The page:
Panel Description:Go behind the scenes on the recent Poynter Eyetrack study on tablets.
- Jeremy Gilbert, Northwestern University
- Sara Quinn, The Poynter Institute
- Dave Stanton, Managing Developer, Smart Media Creative
Video coming soon…
By Haley Stracher
University of Florida
GAINESVILLE – Digital natives read a larger volume of content on tablets than people who grew up in the print era, panelists said during a presentation of a Poynter Institute eye-tracking study of tablet use.
Younger and older generations find news differently, the panelists said. Older people tend to read all of the headlines until they find something they are interested in. Younger people jump around, diving into a story when they find an article they want to read.
Tablet readers tend to “bail out” of a story after 78 seconds, the panelists said. The Poynter study also found that the majority of online readers use the browsers’ back button instead of the back button built into a website.
What kind of reader are you? Methodical or Scanning? Detached or Intimate?
Details from the Poynter tablet eye-track study.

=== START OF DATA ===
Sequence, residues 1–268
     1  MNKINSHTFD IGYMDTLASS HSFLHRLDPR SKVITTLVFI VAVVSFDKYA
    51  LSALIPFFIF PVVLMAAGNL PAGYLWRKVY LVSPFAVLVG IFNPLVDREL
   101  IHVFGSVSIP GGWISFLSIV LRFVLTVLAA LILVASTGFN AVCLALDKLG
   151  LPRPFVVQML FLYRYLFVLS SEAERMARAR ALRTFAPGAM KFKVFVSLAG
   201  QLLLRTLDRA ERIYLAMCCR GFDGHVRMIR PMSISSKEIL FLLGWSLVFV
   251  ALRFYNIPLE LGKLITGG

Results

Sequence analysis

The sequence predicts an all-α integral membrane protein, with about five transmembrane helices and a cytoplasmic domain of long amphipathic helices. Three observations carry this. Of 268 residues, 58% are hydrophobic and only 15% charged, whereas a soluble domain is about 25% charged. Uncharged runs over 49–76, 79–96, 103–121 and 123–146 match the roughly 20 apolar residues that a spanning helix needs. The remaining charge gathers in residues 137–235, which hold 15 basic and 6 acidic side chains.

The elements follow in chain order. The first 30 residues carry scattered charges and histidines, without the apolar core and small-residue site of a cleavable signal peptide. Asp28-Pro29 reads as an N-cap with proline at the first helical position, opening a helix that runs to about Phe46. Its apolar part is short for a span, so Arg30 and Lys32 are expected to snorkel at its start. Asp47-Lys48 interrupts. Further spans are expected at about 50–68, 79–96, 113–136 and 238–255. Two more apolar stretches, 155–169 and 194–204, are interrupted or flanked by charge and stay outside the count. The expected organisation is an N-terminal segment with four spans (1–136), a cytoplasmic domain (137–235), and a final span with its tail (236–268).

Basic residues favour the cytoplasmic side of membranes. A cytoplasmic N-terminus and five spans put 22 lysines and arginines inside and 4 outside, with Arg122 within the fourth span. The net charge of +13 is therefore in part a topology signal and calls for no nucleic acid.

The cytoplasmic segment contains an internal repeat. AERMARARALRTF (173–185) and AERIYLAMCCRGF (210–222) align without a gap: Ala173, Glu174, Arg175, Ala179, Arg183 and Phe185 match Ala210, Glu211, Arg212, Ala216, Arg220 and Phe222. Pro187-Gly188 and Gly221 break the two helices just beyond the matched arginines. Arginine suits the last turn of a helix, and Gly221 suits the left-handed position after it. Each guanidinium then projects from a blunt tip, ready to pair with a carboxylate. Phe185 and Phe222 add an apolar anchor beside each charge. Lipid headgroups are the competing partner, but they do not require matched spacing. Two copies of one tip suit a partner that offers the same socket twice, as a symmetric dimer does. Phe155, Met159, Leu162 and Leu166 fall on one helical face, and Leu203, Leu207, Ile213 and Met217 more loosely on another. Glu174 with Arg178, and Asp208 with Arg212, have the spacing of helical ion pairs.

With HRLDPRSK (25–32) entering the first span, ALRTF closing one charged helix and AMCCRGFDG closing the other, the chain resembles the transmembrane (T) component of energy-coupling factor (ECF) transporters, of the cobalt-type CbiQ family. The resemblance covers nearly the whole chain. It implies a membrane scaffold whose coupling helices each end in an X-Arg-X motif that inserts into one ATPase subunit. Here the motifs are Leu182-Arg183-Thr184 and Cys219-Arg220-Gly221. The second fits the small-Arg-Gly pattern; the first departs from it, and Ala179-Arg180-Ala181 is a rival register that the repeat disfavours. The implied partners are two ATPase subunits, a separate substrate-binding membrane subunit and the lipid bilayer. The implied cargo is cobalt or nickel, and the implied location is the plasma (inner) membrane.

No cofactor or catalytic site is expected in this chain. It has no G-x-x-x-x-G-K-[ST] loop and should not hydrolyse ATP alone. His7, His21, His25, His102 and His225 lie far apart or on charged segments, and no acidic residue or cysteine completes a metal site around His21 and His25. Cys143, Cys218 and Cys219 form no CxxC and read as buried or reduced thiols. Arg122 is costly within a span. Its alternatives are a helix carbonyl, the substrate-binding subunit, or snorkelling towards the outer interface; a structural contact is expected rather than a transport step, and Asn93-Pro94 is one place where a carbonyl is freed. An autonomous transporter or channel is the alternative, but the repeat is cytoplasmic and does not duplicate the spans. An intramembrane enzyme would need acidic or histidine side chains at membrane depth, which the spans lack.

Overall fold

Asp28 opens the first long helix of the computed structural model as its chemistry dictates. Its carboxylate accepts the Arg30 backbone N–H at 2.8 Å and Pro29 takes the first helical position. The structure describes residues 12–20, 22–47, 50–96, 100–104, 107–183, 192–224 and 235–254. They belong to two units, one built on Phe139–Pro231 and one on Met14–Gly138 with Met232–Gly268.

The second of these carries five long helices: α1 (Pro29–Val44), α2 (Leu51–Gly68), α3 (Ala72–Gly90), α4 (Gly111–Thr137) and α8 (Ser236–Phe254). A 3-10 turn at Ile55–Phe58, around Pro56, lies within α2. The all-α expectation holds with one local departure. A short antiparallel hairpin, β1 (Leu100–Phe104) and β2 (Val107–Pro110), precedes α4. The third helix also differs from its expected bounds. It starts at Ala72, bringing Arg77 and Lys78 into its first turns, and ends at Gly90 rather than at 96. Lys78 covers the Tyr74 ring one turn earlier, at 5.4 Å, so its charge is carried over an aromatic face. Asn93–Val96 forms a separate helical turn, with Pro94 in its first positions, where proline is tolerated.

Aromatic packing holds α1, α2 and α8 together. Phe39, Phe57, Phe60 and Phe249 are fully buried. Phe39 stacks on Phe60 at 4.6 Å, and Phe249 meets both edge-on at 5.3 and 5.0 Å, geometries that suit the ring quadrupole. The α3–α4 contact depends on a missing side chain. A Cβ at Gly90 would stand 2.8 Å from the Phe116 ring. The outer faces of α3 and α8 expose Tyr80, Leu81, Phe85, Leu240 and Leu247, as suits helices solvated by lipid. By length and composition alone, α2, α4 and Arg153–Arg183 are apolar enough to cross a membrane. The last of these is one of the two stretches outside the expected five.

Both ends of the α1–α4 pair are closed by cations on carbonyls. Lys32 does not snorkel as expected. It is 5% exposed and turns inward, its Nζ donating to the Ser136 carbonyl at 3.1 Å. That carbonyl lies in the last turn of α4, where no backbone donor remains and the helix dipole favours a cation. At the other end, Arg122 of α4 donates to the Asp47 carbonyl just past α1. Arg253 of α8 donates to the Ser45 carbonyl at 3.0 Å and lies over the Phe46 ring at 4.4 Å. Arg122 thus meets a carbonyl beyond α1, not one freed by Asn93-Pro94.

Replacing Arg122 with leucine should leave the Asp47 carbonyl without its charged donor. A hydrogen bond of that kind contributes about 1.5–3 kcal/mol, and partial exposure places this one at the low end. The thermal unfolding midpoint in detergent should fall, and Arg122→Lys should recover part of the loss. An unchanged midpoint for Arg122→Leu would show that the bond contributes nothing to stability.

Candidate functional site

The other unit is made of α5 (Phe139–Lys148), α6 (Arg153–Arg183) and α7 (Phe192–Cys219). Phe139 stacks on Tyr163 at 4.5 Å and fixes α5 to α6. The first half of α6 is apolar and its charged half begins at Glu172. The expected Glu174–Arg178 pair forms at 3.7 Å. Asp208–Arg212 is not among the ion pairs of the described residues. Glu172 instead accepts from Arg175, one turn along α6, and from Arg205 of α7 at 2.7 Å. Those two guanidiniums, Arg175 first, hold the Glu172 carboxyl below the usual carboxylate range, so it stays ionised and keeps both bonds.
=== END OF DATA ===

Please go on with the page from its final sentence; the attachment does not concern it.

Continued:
You look at all the story headlines before you click one. 48 percent of people were methodical readers, with more older readers than younger readers falling into this category.
You click on a story if it seems interesting but tend to find another story quickly after. 52 percent were scanning readers. The demographic of these readers were towards the younger, digital-native generation
You touch the screen on a tablet or mobile device a few times while reading, and mostly read by moving your eyes. 39 percent of people touched the screen about four times.
You touch the screen on a tablet or mobile device often and you read by scrolling the screen. 61 percent of people touched screen about eight times.
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